John Elway is one of the best QB’s ever to play in the NFL.  For years he carried a pedestrian Denver Broncos team to the Super Bowl, only to lose badly.  It wasn’t until they brought in a stud running back like Terrell Davis, upgraded his receiving corps, and put some semblance of a defense on the field, before he could grab a couple of rings.

Let’s take a look at the two Super Bowl participants.  I’m sure the media will try and sell us that Joe Flacco is on the verge of stardom.  Maybe he is? I can’t say for certain.  I tend to believe that you can tell if a player is elite right away.  Flacco has not shown that, and I don’t believe he will ever be elite.  Is he good?  Sure he is.  He’s an above average, starting NFL quarterback; and that’s all you need. 

How about Colin Kaepernick?  Given how young he is, there is certainly a chance he becomes an all-time great player.  I highly doubt it though.  Now, I have a tendency to dislike QB’s that are heavily reliant upon their legs to make plays.  That’s fine if you can do that, but ultimately in the NFL, you do need to be able to throw the ball.  Kaepernick may never be elite, but he can sling it enough to win a championship.  The Falcons made him do it Sunday.  He only ran for 21 yards.  With time to throw, he made the plays necessary to win.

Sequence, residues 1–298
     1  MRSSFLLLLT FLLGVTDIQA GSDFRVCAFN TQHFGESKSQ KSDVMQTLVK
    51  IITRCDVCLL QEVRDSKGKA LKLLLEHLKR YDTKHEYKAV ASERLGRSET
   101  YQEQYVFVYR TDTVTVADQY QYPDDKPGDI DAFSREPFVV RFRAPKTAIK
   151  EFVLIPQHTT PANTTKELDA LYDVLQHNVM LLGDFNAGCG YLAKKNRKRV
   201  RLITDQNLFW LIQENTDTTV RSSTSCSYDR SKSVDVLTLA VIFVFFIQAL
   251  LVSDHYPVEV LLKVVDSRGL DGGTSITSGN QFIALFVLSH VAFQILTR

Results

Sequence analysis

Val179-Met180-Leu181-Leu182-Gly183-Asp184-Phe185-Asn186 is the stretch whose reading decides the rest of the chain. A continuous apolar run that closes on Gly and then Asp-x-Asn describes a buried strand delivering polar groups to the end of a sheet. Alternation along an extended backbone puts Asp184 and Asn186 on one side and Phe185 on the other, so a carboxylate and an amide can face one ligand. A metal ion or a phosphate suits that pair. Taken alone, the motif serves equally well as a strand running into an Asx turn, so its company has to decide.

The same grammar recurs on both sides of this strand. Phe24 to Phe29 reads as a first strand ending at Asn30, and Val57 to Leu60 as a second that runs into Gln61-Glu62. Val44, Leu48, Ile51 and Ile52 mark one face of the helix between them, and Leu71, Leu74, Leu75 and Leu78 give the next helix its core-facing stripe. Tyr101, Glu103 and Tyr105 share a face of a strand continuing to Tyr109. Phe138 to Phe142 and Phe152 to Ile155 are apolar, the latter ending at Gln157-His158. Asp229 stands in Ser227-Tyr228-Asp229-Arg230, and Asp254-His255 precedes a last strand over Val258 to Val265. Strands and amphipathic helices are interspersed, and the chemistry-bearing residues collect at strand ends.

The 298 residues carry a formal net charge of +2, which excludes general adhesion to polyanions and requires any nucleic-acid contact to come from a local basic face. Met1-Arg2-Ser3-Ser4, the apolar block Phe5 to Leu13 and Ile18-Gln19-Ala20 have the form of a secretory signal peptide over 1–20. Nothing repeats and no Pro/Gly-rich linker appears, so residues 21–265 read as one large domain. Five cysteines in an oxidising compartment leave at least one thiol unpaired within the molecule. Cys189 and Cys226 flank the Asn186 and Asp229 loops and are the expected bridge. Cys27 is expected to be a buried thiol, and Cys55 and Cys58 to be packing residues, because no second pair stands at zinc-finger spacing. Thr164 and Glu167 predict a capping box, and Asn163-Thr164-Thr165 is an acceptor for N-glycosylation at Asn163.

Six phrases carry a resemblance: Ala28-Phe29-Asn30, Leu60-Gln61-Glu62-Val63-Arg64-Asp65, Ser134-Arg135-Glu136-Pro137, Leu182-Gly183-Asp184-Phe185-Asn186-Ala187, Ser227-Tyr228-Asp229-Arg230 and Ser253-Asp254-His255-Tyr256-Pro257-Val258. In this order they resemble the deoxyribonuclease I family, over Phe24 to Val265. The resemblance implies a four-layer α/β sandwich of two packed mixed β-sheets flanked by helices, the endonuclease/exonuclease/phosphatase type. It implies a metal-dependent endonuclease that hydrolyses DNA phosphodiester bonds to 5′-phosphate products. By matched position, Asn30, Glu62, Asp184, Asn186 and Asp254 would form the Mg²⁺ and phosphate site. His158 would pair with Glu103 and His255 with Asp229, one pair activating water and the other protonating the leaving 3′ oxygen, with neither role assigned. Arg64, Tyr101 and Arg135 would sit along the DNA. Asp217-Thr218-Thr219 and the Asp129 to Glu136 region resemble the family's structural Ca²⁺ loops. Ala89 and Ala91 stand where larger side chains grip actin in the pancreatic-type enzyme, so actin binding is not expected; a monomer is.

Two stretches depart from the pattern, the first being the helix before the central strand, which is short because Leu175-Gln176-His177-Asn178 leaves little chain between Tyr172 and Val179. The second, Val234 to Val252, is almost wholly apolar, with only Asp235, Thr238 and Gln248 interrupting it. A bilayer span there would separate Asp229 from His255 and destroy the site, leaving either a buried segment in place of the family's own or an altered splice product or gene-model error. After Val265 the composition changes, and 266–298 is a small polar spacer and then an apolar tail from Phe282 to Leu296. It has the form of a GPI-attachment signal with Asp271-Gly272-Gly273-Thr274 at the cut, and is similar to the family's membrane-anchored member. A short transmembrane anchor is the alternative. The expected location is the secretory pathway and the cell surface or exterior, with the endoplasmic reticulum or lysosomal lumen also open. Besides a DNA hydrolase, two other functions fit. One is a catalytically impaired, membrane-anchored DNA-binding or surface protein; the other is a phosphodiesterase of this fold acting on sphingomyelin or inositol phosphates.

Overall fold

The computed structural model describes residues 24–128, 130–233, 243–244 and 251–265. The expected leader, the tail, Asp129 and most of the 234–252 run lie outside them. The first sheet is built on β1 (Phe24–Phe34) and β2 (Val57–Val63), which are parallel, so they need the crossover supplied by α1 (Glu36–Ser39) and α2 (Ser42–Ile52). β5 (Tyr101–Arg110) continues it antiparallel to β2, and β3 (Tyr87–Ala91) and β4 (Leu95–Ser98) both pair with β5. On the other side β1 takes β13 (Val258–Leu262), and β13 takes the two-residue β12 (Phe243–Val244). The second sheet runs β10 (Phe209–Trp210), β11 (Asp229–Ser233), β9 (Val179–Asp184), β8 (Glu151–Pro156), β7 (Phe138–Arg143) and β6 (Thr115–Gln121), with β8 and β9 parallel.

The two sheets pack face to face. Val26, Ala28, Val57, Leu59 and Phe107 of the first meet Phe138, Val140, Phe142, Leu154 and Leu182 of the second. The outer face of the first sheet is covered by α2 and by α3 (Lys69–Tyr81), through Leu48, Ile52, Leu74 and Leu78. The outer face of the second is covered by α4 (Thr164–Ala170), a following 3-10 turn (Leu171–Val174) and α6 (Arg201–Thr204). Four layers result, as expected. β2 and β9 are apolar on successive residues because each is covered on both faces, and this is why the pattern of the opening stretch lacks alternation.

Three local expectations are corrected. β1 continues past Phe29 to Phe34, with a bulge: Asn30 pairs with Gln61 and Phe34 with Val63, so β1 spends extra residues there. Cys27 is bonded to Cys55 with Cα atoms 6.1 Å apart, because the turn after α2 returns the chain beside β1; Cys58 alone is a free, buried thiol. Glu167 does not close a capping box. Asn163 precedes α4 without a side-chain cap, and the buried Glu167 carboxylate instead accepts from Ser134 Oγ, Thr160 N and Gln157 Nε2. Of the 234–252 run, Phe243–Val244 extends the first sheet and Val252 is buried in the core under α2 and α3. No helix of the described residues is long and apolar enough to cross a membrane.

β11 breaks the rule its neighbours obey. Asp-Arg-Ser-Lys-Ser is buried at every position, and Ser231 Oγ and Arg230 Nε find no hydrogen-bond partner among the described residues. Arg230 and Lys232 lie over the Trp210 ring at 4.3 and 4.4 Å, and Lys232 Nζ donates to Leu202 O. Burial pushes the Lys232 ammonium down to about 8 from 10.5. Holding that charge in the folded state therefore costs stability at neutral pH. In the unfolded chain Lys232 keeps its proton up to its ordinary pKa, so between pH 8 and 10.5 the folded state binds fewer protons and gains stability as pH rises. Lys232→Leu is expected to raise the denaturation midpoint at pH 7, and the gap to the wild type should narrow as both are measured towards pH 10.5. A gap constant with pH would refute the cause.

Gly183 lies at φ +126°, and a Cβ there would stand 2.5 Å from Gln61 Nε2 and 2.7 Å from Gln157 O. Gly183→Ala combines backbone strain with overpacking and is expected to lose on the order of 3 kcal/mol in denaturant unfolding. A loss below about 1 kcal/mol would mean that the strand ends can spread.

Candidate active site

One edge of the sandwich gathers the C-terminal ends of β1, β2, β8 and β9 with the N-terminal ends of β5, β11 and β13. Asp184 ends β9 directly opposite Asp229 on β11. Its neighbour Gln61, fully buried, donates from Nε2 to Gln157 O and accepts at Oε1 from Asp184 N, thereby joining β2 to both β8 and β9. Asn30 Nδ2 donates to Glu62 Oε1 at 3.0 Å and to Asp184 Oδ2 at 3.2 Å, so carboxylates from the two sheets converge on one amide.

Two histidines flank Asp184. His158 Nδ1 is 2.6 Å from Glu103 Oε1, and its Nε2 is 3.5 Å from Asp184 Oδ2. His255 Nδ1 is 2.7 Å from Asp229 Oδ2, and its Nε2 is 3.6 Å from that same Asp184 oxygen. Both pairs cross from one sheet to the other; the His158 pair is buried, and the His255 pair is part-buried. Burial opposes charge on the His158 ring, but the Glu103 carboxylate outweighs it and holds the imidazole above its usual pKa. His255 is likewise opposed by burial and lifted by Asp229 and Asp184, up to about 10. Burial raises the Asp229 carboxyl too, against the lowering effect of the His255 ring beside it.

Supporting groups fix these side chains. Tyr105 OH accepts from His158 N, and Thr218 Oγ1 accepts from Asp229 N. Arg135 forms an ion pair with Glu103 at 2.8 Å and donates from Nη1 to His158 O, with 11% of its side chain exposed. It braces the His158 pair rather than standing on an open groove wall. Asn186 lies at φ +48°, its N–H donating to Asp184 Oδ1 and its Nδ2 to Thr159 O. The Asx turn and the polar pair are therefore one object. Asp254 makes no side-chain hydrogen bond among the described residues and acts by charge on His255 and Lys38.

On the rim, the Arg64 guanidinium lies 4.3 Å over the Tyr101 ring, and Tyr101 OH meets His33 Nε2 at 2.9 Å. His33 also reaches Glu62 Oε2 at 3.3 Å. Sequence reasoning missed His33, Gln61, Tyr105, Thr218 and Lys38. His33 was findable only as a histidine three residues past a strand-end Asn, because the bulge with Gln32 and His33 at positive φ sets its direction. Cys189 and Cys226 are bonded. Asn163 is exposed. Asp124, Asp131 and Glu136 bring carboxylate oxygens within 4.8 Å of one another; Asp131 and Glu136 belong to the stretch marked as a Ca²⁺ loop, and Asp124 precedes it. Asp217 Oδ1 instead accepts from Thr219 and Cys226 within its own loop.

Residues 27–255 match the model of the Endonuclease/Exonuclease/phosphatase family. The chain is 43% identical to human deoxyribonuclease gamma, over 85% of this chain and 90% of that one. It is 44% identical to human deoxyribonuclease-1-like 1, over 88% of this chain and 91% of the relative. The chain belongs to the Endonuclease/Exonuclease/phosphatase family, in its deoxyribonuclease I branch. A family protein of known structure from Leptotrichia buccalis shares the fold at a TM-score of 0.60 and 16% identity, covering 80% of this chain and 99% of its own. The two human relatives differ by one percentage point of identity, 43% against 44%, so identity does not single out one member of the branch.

The reason one of these average QB’s will win a Super Bowl is simple; they are surrounded by great players.  Both the Ravens and 49ers have solid football players on both sides of the ball.  Each of these teams can run the football.  Each of these teams can protect the quarterback.  And each of these teams finish tackles and hit harder than their opponents.

Baltimore and San Francisco went about building their teams in different ways.  The Ravens have sustained success while trying to find the right guy to man the QB position.  They never did reach, or dump half of their draft picks to get their quarterback.  By plugging in quality players all over the field, they’ve remained competitive year in and year out. 

The 49ers had to endure a period of struggle, prior to finding success in the last few seasons.  All the while, they began to add to the core of the team which is now on the precipice of a title.  The Niners did select Alex Smith #1 overall, but he wasn’t really a reach.  He was supposed to be picked that high, he simply didn’t pan out.  By staying the course, and making good draft selections each season, San Fran has grown into a Super Bowl caliber team.

Now, I’m not suggesting that any organization with a star at quarterback should dump them.  Having an all-pro QB puts your team ahead of the curve, and maybe just a few pieces away from being in the Super Bowl.  If you end up with the #1 pick in the draft, you take Andrew Luck like the Indianapolis Colts did this past year.  What I am suggesting, is that if your organization is patient, makes sharp evaluations, and puts talent on the roster; you can win championships without a stud at quarterback. 

Every few years we actually get a surprise MVP of the Super Bowl.  Without a golden boy running the show for either team, this may be one of those years.  It’s refreshing to see that either the Ravens or 49ers will be rewarded for winning as a team, in what is arguably, the ultimate team game.